Georgia State Recognized for Success of Students of All Backgrounds

ATLANTA – Georgia State University’s deep and continued commitment to student diversity, social responsibility and ensuring that students of all backgrounds succeed has again earned the institution national accolades. New reports from the The Education Trust and a recent 41 point jump in The Washington Monthly’s overall annual rankings illustrate GSU’s rapid rise, and are markers that the university’s strategic vision is being realized.

Georgia State continues to be ranked among the top public universities in the U.S. in graduating African-American and Hispanic students, according to two new reports released Thursday by The Education Trust.

Reports show that Georgia State’s data-intensive approach to increasing graduation rates for students of all backgrounds has been a success.

The university is ranked No. 1 among all public universities in the nation for the rate at which it graduates Hispanic students relative to other student populations, and No. 2 in the nation for its improvement of graduation rates for Hispanics. Georgia State has raised the graduation rates for its Hispanic students 37.4 points in the last six years.

The university is also ranked No. 5 in the nation for the rate at which it graduates African-American students relative to other student populations.

Timothy Renick, associate provost for academic programs and chief enrollment officer, credits GSU’s success to careful use of data and programs such as Freshmen Learning Communities (FLCs) and The Goizueta Foundation Latino Leadership Pipeline Scholarship.

“The Education Trust reports illustrate that something of national significance is going on at Georgia State,” Renick said. “Students from populations who tend to struggle elsewhere not only succeed at Georgia State, they flourish.”

The reports show that Georgia State’s strategic plan is working, said President Mark Becker.

“The Education Trust reports repeat that we are achieving success in our overarching goal to demonstrate that students from all backgrounds can achieve at high rates,” he said.

Recent rankings published by Washington Monthly magazine also bear this out. These rankings, based on the criteria of social mobility, service and research — all of which figure prominently in GSU’s current strategic plan — are designed to recognize those schools that recruit and graduate low-income students; encourage students to give back to their communities through service; produce cutting-edge scholarship and send graduates on to Ph.D. programs.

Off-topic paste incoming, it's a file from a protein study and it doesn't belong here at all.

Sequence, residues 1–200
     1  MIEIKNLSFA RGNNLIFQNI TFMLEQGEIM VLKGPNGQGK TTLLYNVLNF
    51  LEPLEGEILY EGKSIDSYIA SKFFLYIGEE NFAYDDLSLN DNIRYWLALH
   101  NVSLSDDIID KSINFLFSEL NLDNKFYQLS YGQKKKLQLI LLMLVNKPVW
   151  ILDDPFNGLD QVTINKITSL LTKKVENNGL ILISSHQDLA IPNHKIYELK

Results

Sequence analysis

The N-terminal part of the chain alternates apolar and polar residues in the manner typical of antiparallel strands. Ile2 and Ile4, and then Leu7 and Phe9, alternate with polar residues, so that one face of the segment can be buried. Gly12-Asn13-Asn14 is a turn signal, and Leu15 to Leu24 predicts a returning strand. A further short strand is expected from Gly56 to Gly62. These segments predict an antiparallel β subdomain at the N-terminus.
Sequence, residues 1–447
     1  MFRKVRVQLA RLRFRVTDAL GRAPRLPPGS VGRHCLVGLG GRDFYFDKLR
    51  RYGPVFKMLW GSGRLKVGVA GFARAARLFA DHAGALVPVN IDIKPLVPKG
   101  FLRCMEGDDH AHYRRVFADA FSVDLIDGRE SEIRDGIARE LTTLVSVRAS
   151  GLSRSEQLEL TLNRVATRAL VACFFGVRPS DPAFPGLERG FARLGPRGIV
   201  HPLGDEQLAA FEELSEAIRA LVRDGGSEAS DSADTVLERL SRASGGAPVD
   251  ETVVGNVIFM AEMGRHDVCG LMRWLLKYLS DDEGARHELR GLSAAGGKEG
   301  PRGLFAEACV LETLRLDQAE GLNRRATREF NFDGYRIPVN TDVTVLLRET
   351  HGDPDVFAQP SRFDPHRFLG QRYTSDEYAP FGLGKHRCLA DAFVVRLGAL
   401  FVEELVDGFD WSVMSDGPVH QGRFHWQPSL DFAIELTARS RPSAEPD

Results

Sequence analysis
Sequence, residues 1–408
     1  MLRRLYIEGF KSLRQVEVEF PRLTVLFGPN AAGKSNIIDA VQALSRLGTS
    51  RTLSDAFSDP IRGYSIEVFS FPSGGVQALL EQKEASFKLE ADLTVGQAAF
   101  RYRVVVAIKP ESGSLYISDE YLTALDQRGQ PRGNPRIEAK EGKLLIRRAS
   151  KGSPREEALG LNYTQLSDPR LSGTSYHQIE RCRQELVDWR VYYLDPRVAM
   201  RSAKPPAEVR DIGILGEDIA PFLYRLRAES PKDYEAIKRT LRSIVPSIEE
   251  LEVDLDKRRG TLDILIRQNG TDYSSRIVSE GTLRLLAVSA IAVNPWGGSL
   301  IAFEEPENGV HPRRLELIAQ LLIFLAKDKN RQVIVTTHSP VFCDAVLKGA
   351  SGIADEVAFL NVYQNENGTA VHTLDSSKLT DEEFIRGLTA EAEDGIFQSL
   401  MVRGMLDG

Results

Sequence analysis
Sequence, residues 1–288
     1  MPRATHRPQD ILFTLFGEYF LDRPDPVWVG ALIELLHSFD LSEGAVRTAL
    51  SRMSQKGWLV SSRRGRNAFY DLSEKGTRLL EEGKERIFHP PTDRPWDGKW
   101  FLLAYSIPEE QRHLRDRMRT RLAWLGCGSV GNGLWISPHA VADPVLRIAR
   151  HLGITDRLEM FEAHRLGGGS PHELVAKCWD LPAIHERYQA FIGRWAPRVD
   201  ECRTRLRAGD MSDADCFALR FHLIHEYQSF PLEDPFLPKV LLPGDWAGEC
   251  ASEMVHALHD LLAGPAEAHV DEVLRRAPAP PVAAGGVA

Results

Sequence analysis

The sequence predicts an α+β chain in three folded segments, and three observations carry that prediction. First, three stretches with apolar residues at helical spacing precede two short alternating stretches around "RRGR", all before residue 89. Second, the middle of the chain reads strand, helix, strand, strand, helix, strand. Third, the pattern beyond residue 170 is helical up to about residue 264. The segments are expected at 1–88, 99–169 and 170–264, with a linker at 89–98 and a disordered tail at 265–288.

Out of 281 national universities, GSU ranked No. 92. The magazine ranked 1,569 colleges and universities, broken down into categories of national universities, liberal arts colleges, master’s universities and baccalaureate colleges.

The Education Trust is a non-profit organization that promotes high academic achievement for all students at all levels, seeking to close the gaps in opportunity and achievement between underrepresented students and their peers. In 2010, Education Trust promoted Georgia State as a national model after the university raised graduation rates for minorities by 18.4 percentage points from 2002 to 2007.

“Progress is possible for all institutions, especially when institutions like Georgia State University take responsibility for the outcomes of their students,” said Mary Nguyen, higher education research and policy analyst at The Education Trust. “Since adopting a data-intensive approach to increasing graduation rates, GSU has successfully raised graduation rates for students of color and closed their gaps in graduation rates with white students. By continuing to improve, GSU has proven that low graduation rates for its African-American and Hispanic students are not inevitable.”

The overarching goal of Georgia State University, as it looks to the future, is to be recognized as a dynamic academic community where teaching and research combine to produce leaders and create solutions to conquer the challenges of the 21st century. To that end, the university has implemented its ambitious Second Century Initiative, which will add at least 100 faculty members by 2015 and enhance scholarly strength through interdisciplinary collaboration.

As The Education Trust and Washington Monthly recognize, GSU is a place where any student, no matter their background, can have that opportunity.

Sept. 26, 2012

 
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